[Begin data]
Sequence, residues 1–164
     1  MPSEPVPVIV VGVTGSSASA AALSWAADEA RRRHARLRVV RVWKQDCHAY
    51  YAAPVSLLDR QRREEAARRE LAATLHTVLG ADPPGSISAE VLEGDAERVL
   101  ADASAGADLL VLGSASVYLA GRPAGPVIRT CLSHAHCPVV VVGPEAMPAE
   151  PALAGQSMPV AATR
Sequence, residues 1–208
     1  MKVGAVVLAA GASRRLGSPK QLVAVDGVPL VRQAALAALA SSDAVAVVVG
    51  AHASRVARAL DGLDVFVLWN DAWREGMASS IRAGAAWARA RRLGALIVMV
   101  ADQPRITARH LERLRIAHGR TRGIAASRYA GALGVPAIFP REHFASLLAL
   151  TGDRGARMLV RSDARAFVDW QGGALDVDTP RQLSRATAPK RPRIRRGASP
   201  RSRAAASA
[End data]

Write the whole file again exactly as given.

Sequence, residues 1–164
     1  MPSEPVPVIV VGVTGSSASA AALSWAADEA RRRHARLRVV RVWKQDCHAY
    51  YAAPVSLLDR QRREEAARRE LAATLHTVLG ADPPGSISAE VLEGDAERVL
   101  ADASAGADLL VLGSASVYLA GRPAGPVIRT CLSHAHCPVV VVGPEAMPAE
   151  PALAGQSMPV AATR
Sequence, residues 1–208
     1  MKVGAVVLAA GASRRLGSPK QLVAVDGVPL VRQAALAALA SSDAVAVVVG
    51  AHASRVARAL DGLDVFVLWN DAWREGMASS IRAGAAWARA RRLGALIVMV
   101  ADQPRITARH LERLRIAHGR TRGIAASRYA GALGVPAIFP REHFASLLAL
   151  TGDRGARMLV RSDARAFVDW QGGALDVDTP RQLSRATAPK RPRIRRGASP
   201  RSRAAASA